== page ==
No sinner is brought to repentance, no sheep or piece of silver is recovered: the folklore text (text 14) is rather a negation of the quotation from the Gospel and of the parable of the Prodigal Son that follows. Dean Hartman has to acknowledge his defeat and send the boy to Stockholm to be bled to death. The intertextual link between the folk narrative and the New Testament text appears to suggest two possible interpretations: firstly, it might imply that Dean Hartman is not quite as mighty as he seems; this point of view agrees with the ambiguous attitude to clergymen among the peasantry, and with the interpretation of the intertextual relation between the folk narratives of exorcism (texts 1, 7) and Mark chapter 9 (text 2) above. Secondly, it might be a way of asserting the impossibility of salvation for everyone: some people are simply too incorrigible to be possible to save. In this case, the message of the Gospel (text 17) is truly negated; the story states that reformation, forgiveness and grace are unavailable to certain persons, and thus hope is vain as well. A very gloomy world view emerges, where eternal damnation is the only option for witches and wizards. Both interpretations may be equally valid, being located on different levels. The first focuses on the individual and his power to influence the life of another, the second highlights more general principles of redemption and damnation. Turning our attention back to the motif of supernatural creatures disclosing the misconduct of priests, it recurs in a text recorded by Mårten Thors in the parish of Munsala, where devils threaten and upbraid potential exorcists: 18) he va två jevlar, såm skapa se såm två fin herrar å fåur ti bårmestari i nykarbi me glasvagn. tem steig ur å jikk in te bårmestarin. dem byra jet å drikk lame han. pigun va i föusi, tå dem kåm. tå un kåm ut, så un glasvagnin å in hund såm eldin å blålågan ståu ur munin tå fråga va e va fö fremmand, men int vita he nain, fast nåu jisa he ein var at e sku va na frun he undrast rymi. ti slut måsta dem ett prestin. föst eitt vörå prestin, men han våga int se alls när, fö dem sa åm an kåmber ska dem (?) riv tarman ur an.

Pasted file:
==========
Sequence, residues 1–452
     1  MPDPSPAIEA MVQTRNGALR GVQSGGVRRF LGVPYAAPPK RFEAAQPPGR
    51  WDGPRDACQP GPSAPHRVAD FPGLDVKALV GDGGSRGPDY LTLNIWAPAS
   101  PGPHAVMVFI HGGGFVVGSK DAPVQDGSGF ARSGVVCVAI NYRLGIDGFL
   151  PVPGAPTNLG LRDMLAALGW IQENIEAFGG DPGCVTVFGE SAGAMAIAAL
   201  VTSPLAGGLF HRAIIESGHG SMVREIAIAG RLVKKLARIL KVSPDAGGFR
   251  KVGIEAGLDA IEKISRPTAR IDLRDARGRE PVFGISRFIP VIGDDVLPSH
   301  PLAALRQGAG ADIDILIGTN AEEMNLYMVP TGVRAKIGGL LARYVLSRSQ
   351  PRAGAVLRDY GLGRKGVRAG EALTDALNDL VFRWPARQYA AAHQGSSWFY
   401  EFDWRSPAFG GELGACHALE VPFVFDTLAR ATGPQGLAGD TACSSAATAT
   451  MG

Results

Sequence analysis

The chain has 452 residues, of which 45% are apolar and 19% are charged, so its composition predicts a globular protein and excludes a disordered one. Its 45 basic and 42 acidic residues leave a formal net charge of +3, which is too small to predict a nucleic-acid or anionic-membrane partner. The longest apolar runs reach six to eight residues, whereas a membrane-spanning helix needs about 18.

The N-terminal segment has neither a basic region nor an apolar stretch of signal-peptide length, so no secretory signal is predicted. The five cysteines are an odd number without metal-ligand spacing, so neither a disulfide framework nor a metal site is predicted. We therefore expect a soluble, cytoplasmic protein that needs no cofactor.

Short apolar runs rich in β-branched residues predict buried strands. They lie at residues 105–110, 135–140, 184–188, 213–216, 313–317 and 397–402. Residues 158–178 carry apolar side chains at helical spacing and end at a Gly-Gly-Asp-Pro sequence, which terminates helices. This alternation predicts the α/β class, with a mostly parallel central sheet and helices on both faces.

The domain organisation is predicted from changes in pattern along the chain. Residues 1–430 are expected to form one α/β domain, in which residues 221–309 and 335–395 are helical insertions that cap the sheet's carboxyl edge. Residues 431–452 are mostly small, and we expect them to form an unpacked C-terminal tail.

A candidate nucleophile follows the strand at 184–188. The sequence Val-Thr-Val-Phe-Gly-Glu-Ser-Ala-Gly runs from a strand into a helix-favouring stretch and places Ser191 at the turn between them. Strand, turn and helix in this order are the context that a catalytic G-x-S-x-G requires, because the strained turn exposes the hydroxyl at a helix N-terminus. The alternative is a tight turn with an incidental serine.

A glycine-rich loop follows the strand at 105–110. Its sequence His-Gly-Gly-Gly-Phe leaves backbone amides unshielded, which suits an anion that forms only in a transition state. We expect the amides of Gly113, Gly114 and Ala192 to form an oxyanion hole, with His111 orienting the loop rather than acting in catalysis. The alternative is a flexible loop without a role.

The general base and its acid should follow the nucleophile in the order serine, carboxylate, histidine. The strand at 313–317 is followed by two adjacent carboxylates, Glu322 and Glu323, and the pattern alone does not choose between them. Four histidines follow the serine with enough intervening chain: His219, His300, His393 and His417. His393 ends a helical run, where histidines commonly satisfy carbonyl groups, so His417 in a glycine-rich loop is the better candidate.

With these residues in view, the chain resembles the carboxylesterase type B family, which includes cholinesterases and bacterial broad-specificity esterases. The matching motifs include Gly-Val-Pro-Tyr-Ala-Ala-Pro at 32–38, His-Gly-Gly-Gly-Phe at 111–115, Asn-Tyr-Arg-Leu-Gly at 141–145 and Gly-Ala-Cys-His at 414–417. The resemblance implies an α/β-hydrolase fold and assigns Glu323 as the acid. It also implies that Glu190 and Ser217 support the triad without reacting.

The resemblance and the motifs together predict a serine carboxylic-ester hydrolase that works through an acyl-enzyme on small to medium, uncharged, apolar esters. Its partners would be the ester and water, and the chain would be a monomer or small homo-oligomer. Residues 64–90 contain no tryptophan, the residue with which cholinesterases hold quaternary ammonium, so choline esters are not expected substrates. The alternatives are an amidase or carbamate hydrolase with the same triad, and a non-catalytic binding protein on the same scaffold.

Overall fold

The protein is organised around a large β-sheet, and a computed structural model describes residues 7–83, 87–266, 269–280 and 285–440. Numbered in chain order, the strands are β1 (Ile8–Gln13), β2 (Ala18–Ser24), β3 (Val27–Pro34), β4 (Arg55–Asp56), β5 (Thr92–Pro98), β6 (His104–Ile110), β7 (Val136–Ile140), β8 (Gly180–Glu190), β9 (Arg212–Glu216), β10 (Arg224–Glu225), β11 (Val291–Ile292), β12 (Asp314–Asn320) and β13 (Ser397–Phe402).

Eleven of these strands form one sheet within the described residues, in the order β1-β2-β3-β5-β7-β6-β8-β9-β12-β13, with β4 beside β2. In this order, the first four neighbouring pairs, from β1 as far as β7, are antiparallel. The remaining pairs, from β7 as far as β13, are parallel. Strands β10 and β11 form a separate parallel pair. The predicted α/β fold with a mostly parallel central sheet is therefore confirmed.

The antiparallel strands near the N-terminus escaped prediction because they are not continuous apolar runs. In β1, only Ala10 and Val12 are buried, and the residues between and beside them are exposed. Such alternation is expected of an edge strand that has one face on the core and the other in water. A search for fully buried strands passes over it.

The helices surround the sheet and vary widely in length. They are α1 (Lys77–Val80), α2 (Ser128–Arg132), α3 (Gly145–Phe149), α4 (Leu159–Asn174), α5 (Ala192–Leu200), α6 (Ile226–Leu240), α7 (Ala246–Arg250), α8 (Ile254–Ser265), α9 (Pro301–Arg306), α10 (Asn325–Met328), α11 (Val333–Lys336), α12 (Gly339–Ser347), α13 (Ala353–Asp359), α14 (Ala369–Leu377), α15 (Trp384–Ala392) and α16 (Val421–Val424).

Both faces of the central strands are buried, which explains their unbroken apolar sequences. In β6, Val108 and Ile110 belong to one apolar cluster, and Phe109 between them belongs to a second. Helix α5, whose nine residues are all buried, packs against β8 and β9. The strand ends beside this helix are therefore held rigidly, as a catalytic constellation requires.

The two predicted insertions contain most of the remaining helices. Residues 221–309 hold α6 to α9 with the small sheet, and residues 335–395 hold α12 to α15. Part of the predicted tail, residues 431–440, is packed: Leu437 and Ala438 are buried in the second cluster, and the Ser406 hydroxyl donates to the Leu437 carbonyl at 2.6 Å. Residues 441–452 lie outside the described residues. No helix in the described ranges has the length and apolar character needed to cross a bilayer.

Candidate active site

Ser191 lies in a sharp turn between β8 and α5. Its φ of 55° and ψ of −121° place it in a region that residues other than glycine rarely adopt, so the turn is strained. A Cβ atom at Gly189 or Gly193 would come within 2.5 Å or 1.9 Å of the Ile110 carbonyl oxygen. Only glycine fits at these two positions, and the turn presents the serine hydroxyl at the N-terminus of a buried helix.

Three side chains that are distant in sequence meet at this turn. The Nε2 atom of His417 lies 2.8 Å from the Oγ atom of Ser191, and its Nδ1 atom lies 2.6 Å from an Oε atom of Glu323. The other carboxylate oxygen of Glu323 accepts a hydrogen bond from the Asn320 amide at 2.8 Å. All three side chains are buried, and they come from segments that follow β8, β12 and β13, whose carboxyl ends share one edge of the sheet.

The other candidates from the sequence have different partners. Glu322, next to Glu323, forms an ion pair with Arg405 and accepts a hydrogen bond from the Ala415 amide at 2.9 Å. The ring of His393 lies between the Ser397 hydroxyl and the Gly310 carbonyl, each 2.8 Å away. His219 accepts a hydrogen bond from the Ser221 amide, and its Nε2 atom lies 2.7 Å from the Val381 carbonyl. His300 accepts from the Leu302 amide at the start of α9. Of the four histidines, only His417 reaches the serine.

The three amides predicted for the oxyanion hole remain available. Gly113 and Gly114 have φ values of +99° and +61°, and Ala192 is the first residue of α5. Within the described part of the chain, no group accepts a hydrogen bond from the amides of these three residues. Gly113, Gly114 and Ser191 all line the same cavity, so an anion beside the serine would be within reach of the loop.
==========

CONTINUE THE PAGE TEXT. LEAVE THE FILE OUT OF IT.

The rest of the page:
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so fåur dem et tsjuru pråustin tå dem så an sa dem: “tu komber tu tin lurjus, såm ha stuli in salmbåuk.” “he ha ja fått fölåtelsi föri.” Han pikka i hål i fönsterblyi å tär måsta dem ut men nåu lär he slamra å dåna, tå dem fåur. (SLS 28, 19: 88–89) 18) There were two devils, who transformed themselves into two fine gentlemen and went to the mayor of Nykarleby in a glass carriage. They stepped out and went in to the mayor. They started eating and drinking with him. The maid was in the byre when they arrived. As she came out, she saw the glass carriage and a dog, out of whose mouth fire and blue flame emerged. Then she asked who the guests were, but no-one knew, though everyone surely guessed it was something from the nether regions. Eventually they had to go for the priest. First for the parson of Vörå, but he dared not come close at all, for they said that if he comes, they will rip out his entrails. Then they went for the parson of Kyro. When they saw him, they said: “[So] you’re coming, you rascal, who’s stolen a hymnal.” “ That I have received forgiveness for.” He made a hole in the window-ledge, and through it they had to exit. But to be sure it is said to have clattered and roared when they left.